Railway Workshops. Two storey brick workshops originally intended for building and repairing carriages, with smith's shop, pattern shop and beam engine house, built in 1839 for the Midland Counties Railway. Awaiting reuse in January 2003. (1)
The Railway workshop incorporates a former beam engine house, fitting and turning shops and smithies, latterly a pattern shop and store. It was disused at the time of inspection. It was built in 1839, with 19th and 20th century alterations and additions, for the Midland Counties Railway. It is built from red brick with ashlar dressings and slated roof coverings. In plan it is a triple pile single-storey shed formerly accommodating 3 lines of track, with a double pile 2-storey workshop area beyond, having rail access to part of the ground floor. The south-west elevation has 6 bays and is a single-storey shed with attached 9 bay, 2 storey workshop range to the south-east. There are late 19th century double gabled timber infill sheds linked with an early 20th century gable of a truncated cross range of smiths' shops, also of 1839. The north-west elevation is triple gabled,with pilasters separating gable bays. Each apex has a blind oculus, flat-copings and below, a raking double band. Each gable has a tall central opening with semi-circular archedhead, 2 now altered to form windows, that to the right with 20th century double doors. These were formerly access doorways serving lines into the shop. The north-east elevation has a 4 bay addition linking the workshop with the gable of the smithy range. The interior is supported by 2 arcades of cast iron columns, the heads supporting curved brackets on which adjacent tie beam ends are carried. The principal rafter ends are carried in metal shoes fixed to the ends of the tie beams. The roof trusses with timber raking struts and a vertical tie rod are linked to a metal apex cradle. The 2 storey section has an arcaded spine wall, formerly with rail access to the south-west part. The roof trusses are carried on a single arcade of iron columns, with a wide timber bearer at the head of each column supporting adjacent tie beams. This complex of workshops,sheds and smithies was built as part of the maintenance facilities for the Midland Counties Railway at the trijunct station at Derby, and is the earliest surviving railway works in the country. (2)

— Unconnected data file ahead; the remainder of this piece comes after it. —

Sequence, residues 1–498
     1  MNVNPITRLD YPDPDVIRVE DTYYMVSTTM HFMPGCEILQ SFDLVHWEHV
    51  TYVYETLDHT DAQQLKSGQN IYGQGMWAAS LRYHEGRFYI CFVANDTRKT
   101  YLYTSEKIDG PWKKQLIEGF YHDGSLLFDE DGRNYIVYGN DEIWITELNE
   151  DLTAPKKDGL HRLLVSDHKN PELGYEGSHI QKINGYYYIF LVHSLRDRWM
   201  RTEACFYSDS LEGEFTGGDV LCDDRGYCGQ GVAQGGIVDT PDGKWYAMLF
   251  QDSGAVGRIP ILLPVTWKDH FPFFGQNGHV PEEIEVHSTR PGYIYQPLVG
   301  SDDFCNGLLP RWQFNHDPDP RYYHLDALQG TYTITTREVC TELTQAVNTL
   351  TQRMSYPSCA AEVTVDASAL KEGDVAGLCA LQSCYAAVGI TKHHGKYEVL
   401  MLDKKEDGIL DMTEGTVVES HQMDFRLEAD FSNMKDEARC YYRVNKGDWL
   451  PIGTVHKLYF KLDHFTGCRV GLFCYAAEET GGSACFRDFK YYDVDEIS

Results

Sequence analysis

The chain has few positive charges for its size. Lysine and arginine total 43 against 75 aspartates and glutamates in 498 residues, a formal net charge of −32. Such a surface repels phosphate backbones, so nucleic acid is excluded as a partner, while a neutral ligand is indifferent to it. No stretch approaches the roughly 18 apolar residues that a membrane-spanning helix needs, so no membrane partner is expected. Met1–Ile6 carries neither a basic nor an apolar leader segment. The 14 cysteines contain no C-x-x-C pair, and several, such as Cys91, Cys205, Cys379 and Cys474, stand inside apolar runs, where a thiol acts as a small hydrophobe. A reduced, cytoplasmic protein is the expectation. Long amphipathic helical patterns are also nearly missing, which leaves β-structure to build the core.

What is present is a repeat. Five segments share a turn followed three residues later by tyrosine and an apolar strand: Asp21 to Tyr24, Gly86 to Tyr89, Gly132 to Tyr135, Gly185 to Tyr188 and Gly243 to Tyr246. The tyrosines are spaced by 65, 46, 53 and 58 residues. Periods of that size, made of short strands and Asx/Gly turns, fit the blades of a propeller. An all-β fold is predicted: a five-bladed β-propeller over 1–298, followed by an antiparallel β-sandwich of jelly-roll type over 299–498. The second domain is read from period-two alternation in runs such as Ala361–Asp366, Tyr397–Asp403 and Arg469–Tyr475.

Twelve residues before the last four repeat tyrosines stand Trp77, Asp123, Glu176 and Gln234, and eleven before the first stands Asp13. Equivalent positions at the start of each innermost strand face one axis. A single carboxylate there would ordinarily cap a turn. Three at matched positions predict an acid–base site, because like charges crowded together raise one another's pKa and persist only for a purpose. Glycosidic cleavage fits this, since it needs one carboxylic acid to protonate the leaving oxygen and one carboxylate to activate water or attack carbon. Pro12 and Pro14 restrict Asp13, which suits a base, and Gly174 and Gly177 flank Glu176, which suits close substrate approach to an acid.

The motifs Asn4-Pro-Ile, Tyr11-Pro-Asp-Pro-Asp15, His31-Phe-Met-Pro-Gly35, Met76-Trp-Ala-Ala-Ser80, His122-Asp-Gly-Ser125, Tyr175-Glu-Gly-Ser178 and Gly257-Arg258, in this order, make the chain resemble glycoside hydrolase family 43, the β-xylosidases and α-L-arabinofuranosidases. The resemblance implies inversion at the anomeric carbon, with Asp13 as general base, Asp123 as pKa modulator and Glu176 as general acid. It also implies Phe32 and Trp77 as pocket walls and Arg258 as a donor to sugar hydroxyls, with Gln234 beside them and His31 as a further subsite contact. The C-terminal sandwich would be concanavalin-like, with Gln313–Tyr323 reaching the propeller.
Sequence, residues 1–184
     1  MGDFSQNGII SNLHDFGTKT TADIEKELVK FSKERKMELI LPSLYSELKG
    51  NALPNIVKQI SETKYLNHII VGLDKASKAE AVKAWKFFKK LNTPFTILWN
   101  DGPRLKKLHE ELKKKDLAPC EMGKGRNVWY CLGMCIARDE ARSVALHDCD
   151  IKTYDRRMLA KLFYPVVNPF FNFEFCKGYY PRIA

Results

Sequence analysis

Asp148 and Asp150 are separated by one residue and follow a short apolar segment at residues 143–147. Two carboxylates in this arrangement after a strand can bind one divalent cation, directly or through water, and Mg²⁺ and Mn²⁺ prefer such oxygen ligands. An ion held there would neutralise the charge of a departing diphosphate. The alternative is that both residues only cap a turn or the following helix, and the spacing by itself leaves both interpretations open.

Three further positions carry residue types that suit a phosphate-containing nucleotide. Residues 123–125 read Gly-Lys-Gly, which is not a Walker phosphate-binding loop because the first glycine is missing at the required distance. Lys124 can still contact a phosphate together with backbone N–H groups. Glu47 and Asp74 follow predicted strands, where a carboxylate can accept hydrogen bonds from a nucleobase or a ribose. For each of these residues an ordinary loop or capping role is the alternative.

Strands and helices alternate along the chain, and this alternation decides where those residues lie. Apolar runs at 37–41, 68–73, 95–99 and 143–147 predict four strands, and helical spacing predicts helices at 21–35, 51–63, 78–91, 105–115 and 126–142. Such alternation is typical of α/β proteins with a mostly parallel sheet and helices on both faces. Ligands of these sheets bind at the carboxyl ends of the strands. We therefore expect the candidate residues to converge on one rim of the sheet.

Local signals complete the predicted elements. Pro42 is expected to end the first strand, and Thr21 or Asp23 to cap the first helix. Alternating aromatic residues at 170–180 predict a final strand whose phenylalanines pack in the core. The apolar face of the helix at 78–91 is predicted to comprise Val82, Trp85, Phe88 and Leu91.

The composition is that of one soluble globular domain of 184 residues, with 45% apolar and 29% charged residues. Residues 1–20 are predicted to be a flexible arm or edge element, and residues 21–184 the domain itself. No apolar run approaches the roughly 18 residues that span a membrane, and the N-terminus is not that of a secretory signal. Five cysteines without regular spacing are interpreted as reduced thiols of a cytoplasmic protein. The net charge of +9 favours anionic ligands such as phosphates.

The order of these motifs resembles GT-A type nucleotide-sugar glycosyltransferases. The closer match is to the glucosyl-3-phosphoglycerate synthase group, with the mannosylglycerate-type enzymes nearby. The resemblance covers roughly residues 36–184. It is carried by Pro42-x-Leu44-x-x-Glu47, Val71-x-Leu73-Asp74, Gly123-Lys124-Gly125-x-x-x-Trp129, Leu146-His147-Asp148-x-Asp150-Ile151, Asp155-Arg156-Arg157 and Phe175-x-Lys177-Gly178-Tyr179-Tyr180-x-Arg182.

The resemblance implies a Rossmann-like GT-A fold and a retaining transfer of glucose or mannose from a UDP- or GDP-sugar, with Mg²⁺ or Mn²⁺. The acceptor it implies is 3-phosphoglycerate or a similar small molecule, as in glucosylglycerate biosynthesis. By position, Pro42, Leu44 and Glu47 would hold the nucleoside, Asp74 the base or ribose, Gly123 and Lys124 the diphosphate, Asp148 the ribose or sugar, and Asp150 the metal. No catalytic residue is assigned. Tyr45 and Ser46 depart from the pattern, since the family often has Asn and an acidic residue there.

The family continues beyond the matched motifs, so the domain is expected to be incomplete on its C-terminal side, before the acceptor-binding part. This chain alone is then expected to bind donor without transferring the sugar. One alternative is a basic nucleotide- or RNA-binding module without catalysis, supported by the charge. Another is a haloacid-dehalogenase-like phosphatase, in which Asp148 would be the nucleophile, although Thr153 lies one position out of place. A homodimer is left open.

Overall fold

Bibliographic reference: Fowkes, D (ed.). 2003. Derbyshire Industrial Archaeology. A Gazetteer of Sites. Part VII. City of Derby.. p 40.
Listed Building File: Historic England. 2011. The National Heritage List for England. List entry number 1230740.
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Centred SK 36338 35693 (80m by 75m)
DERBY, DERBY, DERBYSHIRE
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Record last edited
Jan 8 2014 12:23PM
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